April 6 2011 12:00 AM

Property: Former Lansing Board of Water and Light substation, Valley Court Park, East Lansing


Owner: City of East Lansing 

In the 19th century, it was common practice to move a building — sometimes more than once — from one place to another. It was ordinary to see a building sliced in parts and moved piece by piece to a new site. Although less common in the latter half of the 20th century, it’s still used today for saving buildings of historic significance.

East Lansing has a great history of moving buildings. The grand Woodbury House moved twice before its last relocation in 1984 to 415 M.A.C. Ave. Most recently, the former Lansing Board of Water and Light substation in East Lansing’s Valley Court Park was relocated to allow for new development on the corner of Hillcrest and Grand River avenues. The restoration of the historic substation’s exterior finished last year and the addition of a 10-foot by 15-foot stage is planned. The historic cupola-adorned red brick building anchors the park.

It’s an invaluable asset and also provides a great backdrop for nighttime movies, according to Tim Schmitt, East Lansing’s community development analyst.

Wonder if a building has been moved? Go take a look. Houses, particularly wood frame, sometimes bear the telltale vertical seam where the building was divided, indicating it was moved at one time.

Moving buildings isn’t just about preserving historically significant ones. It’s also about preserving embodied energy — the energy required to extract, process, manufacture, transport and install building materials. It is not only in the initial construction of a building but also in the renovation and maintenance.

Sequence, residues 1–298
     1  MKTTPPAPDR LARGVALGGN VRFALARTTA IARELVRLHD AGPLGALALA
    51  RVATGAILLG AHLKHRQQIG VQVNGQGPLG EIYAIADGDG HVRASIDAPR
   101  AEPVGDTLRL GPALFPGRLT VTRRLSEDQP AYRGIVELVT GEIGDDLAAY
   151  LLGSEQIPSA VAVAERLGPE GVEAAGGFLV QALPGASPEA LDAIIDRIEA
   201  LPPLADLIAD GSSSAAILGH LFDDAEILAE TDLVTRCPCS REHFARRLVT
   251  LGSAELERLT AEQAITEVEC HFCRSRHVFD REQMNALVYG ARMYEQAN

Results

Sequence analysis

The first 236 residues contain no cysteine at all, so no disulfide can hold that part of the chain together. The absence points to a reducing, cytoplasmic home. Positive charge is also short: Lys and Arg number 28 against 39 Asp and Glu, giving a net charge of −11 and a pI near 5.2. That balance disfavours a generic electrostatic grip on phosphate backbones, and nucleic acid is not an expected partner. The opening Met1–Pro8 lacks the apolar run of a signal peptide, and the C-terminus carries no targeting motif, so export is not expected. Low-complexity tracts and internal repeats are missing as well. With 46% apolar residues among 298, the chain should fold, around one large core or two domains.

A building isn’t just the sum of its parts, it is also human effort. Demolishing a building isn’t just throwing out the bricks or wood that the building is made of, it is throwing away the thousands of hours put into its construction and maintenance.

Newfoundlanders (pronounced “New Finlanders”) know this well. House-moving is a strong tradition in the Maritime Provinces of Canada, especially in the province of Newfoundland. Newfoundlanders are coastal people living along the shores of the island. Often when moving from one village to another they not only moved their possessions but also their home, picking up the entire house from its foundation and either floating it by water or dragging it across the frozen sea ice to its new location. This practice is featured in a scene of the Newfoundland-based drama, “The Shipping News,” a movie based on the novel of the same name by Annie Proulx.

“Eye candy of the Week" is our weekly look at some of the nicer properties in Lansing. It rotates each with Eyesore of the Week. If you have a suggestion, please e-mail eye@lansingcitypulse.com or call Andy Balaskovitz at 999-5064.